Hearing loss is a condition that affects approximately 48 million people in the U.S. alone. Admitting you have a problem, and seeking a diagnosis is often the first step in finding relief for this condition. There are three types of hearing loss, which are treated in different ways.
Types of Hearing Loss
Sensorineural hearing loss is the most common type of hearing loss, occurring when the inner ear nerves and hair cells are damaged, often due to exposure to excess noise or old age. This hearing loss affects your ears ability to send clear signals to your brain. Because this type of hearing loss is irreversible sensorineural hearing loss is most often treated with hearing aids
Conductive hearing loss is usually due to a blockage in the outer or middle ear. Common causes of this condition include a build up of fluid due to infection, tumors, impacted earwax, or injury to parts of the ear.
Mixed hearing loss is a combination of sensorineural hearing loss mixed with conductive hearing loss.
More About Conductive Hearing Loss
Your ear is considered to have three parts, including the outer, the middle, and the inner ear. When there is a blockage or damage to the outer or middle ear it becomes difficult for sound to reach your eardrum in the inner ear causing sounds to seem muffled.
Conductive Hearing Loss Symptoms
Knowing how to diagnose conductive hearing loss from sensorineural can be extremely helpful. While all hearing loss shares similar symptoms there are few extra signs that can help you differentiate conductive from sensorineural hearing loss. These symptoms will vary depending what is the cause of your conductive hearing loss and may include:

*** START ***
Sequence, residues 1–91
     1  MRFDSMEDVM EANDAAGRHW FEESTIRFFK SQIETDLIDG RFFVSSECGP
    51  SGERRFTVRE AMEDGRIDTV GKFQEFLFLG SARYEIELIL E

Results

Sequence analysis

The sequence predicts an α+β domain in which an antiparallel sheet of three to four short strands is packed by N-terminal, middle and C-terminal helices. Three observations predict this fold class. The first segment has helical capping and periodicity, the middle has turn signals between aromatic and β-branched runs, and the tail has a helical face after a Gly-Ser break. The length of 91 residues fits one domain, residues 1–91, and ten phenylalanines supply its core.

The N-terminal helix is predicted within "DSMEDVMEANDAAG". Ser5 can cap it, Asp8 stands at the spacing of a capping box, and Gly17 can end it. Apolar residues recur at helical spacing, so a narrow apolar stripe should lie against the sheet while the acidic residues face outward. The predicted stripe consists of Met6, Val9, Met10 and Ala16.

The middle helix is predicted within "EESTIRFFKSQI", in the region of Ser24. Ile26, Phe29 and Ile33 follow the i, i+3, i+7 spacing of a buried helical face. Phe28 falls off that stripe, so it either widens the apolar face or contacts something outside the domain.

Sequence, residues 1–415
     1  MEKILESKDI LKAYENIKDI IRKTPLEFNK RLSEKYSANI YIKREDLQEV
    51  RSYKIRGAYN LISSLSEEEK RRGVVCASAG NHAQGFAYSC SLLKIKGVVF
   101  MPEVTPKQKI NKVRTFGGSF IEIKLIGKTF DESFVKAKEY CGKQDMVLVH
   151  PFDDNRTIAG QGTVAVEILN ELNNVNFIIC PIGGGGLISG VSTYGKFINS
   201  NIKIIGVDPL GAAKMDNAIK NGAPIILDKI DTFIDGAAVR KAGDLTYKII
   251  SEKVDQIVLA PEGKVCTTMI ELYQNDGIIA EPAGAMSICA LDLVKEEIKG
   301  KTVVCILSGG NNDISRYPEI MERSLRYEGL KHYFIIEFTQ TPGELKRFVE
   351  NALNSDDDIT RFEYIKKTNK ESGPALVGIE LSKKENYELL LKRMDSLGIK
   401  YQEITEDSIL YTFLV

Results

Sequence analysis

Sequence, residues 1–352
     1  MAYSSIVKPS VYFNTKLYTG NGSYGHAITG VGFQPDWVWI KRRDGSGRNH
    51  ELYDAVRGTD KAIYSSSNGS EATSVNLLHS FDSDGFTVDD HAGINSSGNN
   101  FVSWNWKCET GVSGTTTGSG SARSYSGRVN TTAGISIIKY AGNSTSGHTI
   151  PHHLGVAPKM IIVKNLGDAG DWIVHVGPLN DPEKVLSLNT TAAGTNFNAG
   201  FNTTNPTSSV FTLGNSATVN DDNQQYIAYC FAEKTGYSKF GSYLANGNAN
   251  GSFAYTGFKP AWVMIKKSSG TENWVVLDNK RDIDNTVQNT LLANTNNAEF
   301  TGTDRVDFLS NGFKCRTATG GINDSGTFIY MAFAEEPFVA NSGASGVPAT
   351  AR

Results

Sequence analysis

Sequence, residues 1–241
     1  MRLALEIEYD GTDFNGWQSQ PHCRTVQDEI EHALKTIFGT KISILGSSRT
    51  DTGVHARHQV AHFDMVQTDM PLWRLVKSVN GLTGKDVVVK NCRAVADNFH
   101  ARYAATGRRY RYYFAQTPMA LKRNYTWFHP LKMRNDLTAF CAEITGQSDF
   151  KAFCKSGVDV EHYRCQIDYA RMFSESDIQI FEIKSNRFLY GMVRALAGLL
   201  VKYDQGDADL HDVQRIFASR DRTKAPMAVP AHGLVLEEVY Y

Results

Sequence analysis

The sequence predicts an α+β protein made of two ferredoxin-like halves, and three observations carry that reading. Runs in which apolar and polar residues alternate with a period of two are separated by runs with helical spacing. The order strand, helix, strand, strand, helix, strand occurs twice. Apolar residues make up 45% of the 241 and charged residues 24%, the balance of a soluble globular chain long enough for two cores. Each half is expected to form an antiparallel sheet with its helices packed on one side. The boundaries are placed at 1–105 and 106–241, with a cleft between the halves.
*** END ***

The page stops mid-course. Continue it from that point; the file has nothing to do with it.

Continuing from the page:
- Reduce ability to perceive the loudness of sounds, while the clarity remains intact.
- Trouble hearing others speak
- Dose your own voice sounds different?
- One ear is clear while the other struggles
- Pain in one or both ears
- Pressure in one or both ears
- An unpleasant odor from the ear
Causes of Conductive Hearing Loss
There are a few different conditions that can cause an obstruction to the ear that would create conductive hearing loss including:
- Excessive or impacted earwax
- A build up of fluid in the middle ear due to infection
- Abnormal bone growth in the middle ear (otosclerosis)
- Perforation of the eardrum
Treatment for Conductive Hearing Loss
Depending on what is the cause, your blockage will require different methods to treat your hearing loss. It is always best to seek professional treatment to diagnose your hearing loss. Do not try to diagnose and treat any hearing loss on your own as misdiagnosis can make problems worse than before. Have your general practitioner refer you to an audiologist to get the most accurate and best treatment for your condition. The good news is; while sensorineural hearing loss is irreversible, conductive hearing loss often can be fixed. When an obstruction is being cause by infection often antibiotics can clear up your hearing loss in just a few days. When the cause of conductive hearing loss is caused by a tumor or growth often surgery is utilized to remove what is blocking the pathway to the eardrum.
There are some preventative measures you can practice at home to make sure that some causes of conductive hearing loss do not progress. Often making sure that excessive earwax does not have a chance to build up is all it takes to prevent conductive hearing loss. These methods can work but it is important to be cautious and never insert anything hard or sharp directly into the ear canal as it can cause irreparable damage. There are tools such as extractors and cleaners to keep your ears free of wax build up so you can hear clear.
Sometimes just using a warm washcloth during a steamy shower is all it takes to keep your ears clear. If the problem persist it is always best to visit a professional to properly diagnose your hearing issues so you can make sure you get the most effective treatment and stay hearing healthy. The sooner you discover your hearing loss the faster you can find the relief you need.